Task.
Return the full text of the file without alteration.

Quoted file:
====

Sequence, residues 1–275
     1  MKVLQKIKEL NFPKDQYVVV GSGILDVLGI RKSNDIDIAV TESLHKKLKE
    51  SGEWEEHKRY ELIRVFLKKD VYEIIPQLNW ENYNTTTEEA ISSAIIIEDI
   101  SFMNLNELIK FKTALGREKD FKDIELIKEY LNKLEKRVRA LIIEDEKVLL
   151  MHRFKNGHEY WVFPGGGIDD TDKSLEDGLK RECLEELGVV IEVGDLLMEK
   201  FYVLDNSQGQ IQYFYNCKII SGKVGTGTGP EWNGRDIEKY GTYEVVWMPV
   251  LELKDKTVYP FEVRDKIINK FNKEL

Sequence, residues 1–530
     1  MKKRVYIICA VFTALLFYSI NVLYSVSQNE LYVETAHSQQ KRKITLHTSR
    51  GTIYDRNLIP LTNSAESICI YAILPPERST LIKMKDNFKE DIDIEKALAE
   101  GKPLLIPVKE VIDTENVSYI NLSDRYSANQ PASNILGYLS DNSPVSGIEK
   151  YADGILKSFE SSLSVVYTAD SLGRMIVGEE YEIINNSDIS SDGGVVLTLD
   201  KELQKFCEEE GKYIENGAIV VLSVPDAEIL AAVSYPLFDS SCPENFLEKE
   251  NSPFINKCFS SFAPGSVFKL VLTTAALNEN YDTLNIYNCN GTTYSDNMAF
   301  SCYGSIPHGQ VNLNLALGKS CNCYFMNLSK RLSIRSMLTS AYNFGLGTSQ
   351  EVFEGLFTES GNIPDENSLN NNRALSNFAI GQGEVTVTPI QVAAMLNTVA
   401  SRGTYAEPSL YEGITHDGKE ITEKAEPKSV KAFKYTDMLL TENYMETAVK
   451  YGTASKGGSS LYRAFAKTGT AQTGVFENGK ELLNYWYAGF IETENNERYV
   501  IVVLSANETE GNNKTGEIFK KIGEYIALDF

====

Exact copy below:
Sequence, residues 1–275
     1  MKVLQKIKEL NFPKDQYVVV GSGILDVLGI RKSNDIDIAV TESLHKKLKE
    51  SGEWEEHKRY ELIRVFLKKD VYEIIPQLNW ENYNTTTEEA ISSAIIIEDI
   101  SFMNLNELIK FKTALGREKD FKDIELIKEY LNKLEKRVRA LIIEDEKVLL
   151  MHRFKNGHEY WVFPGGGIDD TDKSLEDGLK RECLEELGVV IEVGDLLMEK
   201  FYVLDNSQGQ IQYFYNCKII SGKVGTGTGP EWNGRDIEKY GTYEVVWMPV
   251  LELKDKTVYP FEVRDKIINK FNKEL

Sequence, residues 1–530
     1  MKKRVYIICA VFTALLFYSI NVLYSVSQNE LYVETAHSQQ KRKITLHTSR
    51  GTIYDRNLIP LTNSAESICI YAILPPERST LIKMKDNFKE DIDIEKALAE
   101  GKPLLIPVKE VIDTENVSYI NLSDRYSANQ PASNILGYLS DNSPVSGIEK
   151  YADGILKSFE SSLSVVYTAD SLGRMIVGEE YEIINNSDIS SDGGVVLTLD
   201  KELQKFCEEE GKYIENGAIV VLSVPDAEIL AAVSYPLFDS SCPENFLEKE
   251  NSPFINKCFS SFAPGSVFKL VLTTAALNEN YDTLNIYNCN GTTYSDNMAF
   301  SCYGSIPHGQ VNLNLALGKS CNCYFMNLSK RLSIRSMLTS AYNFGLGTSQ
   351  EVFEGLFTES GNIPDENSLN NNRALSNFAI GQGEVTVTPI QVAAMLNTVA
   401  SRGTYAEPSL YEGITHDGKE ITEKAEPKSV KAFKYTDMLL TENYMETAVK
   451  YGTASKGGSS LYRAFAKTGT AQTGVFENGK ELLNYWYAGF IETENNERYV
   501  IVVLSANETE GNNKTGEIFK KIGEYIALDF